FAMU beats Harvard in prestigious National Science Foundation competition

Atlanta —A Florida A & M University research team won first place in the prestigious National Science Foundation Innovation Corps Atlanta completion. The NSF I-Corps program underwrites research designed to encourage entrepreneurship and the commercialization of the technological discoveries.

Getting scientists out of the laboratory and enabling them to market their innovations and resulting intellectual property are a top priority of Timothy E. Moore, Ph.D., Vice President for Research. “Florida A&M University’s research enterprise effectively touches every aspect of our lives – regardless of where it originates in our University.

The FAMU team, led by Professor Y. “Ping” Hsieh, (Ph.D), housed in the FAMU Center for Water and Air Quality within the College of Agriculture and Food Sciences, competed against 20 teams from the eastern US, including Harvard University, to take the top spot. The project was entitled “Multi-Element Scanning Thermal Analysis” (MESTA).

The MESTA technology is designed to analyze and characterize the thermochemical properties of a wide variety of compounds. One potential application includes the examination of high energetic materials like petroleum, biofuels, coal and shale oil to rapidly assess the quality of the resulting oil products derived from the starting source. MESTA is intended to replace more expensive and the limited availability of currently used technologies like NMR.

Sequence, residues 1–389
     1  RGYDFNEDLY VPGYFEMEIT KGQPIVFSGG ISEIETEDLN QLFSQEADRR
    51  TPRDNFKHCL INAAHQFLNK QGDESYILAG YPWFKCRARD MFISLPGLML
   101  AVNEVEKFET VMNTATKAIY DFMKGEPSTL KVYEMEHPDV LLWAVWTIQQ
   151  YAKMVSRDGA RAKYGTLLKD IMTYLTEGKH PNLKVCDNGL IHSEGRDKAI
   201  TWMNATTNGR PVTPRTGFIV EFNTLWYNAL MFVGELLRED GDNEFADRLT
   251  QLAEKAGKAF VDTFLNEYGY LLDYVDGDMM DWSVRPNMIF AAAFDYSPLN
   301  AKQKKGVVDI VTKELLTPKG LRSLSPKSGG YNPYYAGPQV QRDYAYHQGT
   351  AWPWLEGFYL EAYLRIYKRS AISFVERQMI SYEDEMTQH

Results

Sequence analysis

All of the competing teams are immersed in all aspects of entrepreneurship, including the successful launch of discoveries through valid technology transfer pathways. Startups founded by the I-Corp teams are usually the vehicle for commercialization. Those successful projects are prepared for business formation, and the NSF works with the private sector to identify potential resources and partnerships.

“FAMU is exceptionally fortunate to have researchers such as Dr. Hsieh, who is dedicated to improving the human condition through their research,” according to Moore.

scroll to top